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JSweet: a Java to JavaScript transpiler

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JSweet leverages TypeScript to write rich and responsive Web applications in Java through the use of JavaScript libraries and frameworks. With JSweet, Java programs are transpiled (source-to-source compiled) to TypeScript and JavaScript for being run in browsers, mobile Web views, or in Node.js.

  • JSweet is safe and reliable. It provides web applications with type-checking and generates fully type-checked JavaScript programs. It stands on Oracle's Java Compiler (javac) and on Microsoft's TypeScript (tsc).
  • JSweet allows you to use your favorite JS library (JSweet+Angular2, JSweet+threejs, IONIC/Cordova, ...).
  • JSweet enables code sharing between server-side Java and client-side JavaScript. JSweet provides implementations for the core Java libraries for code sharing and legacy Java migration purpose.
  • JSweet is fast, lightweight and fully JavaScript-interoperable. The generated code is regular JavaScript code, which implies no overhead compared to JavaScript, and can directly interoperate with existing JavaScript programs and libraries.

How does it work? JSweet depends on well-typed descriptions of JavaScript APIs, so-called "candies", most of them being automatically generated from TypeScript definition files. These API descriptions in Java can be seen as headers (similarly to *.h header files in C) to bridge JavaSript libraries from Java. There are several sources of candies for existing libraries and you can easily build a candy for any library out there (see more details).

With JSweet, you take advantage of all the Java tooling (IDE's, Maven, ...) to program real JavaScript applications using the latest JavaScript libraries.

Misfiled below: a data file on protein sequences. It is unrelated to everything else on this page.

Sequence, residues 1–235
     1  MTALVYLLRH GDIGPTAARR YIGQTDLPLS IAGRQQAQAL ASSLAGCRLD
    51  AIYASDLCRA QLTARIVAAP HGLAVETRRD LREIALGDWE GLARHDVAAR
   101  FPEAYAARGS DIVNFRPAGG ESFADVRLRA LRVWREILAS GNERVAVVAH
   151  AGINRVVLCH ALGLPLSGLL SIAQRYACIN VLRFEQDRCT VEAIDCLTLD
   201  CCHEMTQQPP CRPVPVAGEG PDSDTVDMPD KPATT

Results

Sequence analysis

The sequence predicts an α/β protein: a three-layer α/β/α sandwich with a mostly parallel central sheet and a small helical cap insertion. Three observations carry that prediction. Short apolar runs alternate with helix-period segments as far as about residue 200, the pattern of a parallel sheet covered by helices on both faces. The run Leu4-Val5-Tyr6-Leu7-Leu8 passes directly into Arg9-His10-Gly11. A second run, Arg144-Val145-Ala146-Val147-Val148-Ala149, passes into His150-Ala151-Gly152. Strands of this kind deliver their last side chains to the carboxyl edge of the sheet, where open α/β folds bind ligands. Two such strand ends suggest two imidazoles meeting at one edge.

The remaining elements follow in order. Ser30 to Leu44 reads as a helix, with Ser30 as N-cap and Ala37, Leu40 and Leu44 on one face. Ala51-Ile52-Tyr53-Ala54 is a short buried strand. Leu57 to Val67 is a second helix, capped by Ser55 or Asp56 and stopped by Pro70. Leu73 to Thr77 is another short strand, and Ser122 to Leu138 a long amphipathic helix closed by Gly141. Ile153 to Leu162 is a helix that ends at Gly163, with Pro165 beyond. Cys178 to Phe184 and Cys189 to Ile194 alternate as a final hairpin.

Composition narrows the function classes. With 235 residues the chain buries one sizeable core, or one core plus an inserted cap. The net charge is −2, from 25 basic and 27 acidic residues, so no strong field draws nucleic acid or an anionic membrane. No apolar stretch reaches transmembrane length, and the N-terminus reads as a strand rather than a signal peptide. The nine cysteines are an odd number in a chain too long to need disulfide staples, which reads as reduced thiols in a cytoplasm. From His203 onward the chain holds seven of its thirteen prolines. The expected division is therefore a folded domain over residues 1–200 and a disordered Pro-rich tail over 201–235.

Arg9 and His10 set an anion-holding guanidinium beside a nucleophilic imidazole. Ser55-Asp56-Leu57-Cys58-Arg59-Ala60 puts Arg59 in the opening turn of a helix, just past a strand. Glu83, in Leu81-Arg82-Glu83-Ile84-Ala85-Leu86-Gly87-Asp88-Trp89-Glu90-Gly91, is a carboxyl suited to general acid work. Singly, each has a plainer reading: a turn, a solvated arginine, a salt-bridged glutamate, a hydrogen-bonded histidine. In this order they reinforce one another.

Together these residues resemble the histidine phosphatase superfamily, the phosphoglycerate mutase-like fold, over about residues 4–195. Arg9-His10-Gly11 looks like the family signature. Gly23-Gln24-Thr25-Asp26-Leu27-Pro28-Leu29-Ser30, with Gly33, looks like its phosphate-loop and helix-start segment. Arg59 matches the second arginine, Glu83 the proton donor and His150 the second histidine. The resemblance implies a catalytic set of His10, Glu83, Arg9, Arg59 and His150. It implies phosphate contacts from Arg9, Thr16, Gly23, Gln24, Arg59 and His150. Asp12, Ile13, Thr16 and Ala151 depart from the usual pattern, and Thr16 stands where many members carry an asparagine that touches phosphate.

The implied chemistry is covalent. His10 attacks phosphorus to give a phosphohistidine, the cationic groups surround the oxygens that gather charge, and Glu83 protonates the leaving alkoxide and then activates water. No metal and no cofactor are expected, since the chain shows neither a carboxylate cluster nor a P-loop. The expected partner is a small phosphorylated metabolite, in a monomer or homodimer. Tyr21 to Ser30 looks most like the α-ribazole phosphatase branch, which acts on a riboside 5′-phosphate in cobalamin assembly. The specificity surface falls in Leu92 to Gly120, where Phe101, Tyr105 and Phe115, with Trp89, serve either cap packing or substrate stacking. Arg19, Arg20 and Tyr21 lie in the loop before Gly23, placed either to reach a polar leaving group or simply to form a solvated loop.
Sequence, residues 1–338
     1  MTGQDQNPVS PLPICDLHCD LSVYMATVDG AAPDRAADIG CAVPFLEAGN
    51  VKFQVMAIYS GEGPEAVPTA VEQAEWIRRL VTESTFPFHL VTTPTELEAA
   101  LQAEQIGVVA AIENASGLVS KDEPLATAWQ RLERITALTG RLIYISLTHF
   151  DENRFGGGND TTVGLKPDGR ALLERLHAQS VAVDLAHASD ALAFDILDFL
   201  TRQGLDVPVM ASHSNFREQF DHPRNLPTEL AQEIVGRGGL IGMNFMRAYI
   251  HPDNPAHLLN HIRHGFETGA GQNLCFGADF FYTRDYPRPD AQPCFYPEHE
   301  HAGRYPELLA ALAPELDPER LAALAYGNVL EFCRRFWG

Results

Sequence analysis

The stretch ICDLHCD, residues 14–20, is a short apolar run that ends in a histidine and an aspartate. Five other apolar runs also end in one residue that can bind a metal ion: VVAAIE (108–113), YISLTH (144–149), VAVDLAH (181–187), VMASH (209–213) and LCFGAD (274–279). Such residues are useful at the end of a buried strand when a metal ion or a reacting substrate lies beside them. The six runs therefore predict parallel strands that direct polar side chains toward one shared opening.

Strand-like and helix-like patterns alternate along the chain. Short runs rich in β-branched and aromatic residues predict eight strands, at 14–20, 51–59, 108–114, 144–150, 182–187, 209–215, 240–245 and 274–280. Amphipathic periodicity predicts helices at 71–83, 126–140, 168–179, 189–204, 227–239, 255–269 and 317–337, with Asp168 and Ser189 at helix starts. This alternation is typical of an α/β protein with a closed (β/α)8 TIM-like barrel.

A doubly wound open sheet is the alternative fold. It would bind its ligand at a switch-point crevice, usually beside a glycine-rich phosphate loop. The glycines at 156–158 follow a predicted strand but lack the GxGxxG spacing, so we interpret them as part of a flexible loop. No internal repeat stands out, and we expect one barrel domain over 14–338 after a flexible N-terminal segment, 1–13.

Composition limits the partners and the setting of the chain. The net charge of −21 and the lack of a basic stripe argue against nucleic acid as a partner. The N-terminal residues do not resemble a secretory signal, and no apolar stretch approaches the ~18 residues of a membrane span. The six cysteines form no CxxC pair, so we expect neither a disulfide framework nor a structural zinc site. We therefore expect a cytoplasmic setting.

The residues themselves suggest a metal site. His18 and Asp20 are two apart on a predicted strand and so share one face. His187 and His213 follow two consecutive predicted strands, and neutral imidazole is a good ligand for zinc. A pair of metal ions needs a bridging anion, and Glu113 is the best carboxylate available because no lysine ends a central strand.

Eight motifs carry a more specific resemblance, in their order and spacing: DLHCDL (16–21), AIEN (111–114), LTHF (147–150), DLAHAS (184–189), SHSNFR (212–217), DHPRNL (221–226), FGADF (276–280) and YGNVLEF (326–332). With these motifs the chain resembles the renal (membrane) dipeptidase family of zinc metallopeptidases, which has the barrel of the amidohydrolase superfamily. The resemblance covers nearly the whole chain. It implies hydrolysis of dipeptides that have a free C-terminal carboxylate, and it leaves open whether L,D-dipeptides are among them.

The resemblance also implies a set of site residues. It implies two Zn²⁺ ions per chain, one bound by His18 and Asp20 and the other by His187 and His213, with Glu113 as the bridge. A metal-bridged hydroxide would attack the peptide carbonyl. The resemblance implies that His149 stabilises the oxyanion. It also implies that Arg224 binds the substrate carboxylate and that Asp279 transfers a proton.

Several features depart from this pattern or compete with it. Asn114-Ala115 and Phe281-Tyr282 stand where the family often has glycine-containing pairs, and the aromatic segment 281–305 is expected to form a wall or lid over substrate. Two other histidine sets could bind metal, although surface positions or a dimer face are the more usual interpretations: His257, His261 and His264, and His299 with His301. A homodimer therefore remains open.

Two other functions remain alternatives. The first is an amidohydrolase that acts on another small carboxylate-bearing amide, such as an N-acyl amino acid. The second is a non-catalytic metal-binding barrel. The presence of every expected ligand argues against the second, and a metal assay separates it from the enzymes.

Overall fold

Java -> TypeScript -> JavaScript

Here is a first taste of what you get by using JSweet. Consider this simple Java program:

package org.jsweet;

import static jsweet.dom.Globals.*;

 * This is a very simple example that just shows an alert.
public class HelloWorld {
	public static void main(String[] args) {
		alert("Hi there!");

Transpiling with JSweet gives the following TypeScript program:

namespace org.jsweet {
     * This is a very simple example that just shows an alert.
    export class HelloWorld {
        public static main(args : string[]) {
            alert("Hi there!");

Which in turn produces the following JavaScript output:

var org;
(function (org) {
    var jsweet;
    (function (jsweet) {
         * This is a very simple example that just shows an alert.
        var HelloWorld = (function () {
            function HelloWorld() {
            HelloWorld.main = function (args) {
                alert("Hi there!");
            return HelloWorld;
        jsweet.HelloWorld = HelloWorld;
    })(jsweet = org.jsweet || (org.jsweet = {}));
})(org || (org = {}));

More with the live sandbox.


  • Full syntax mapping between Java and TypeScript, including classes, interfaces, functional types, union types, tuple types, object types, string types, and so on.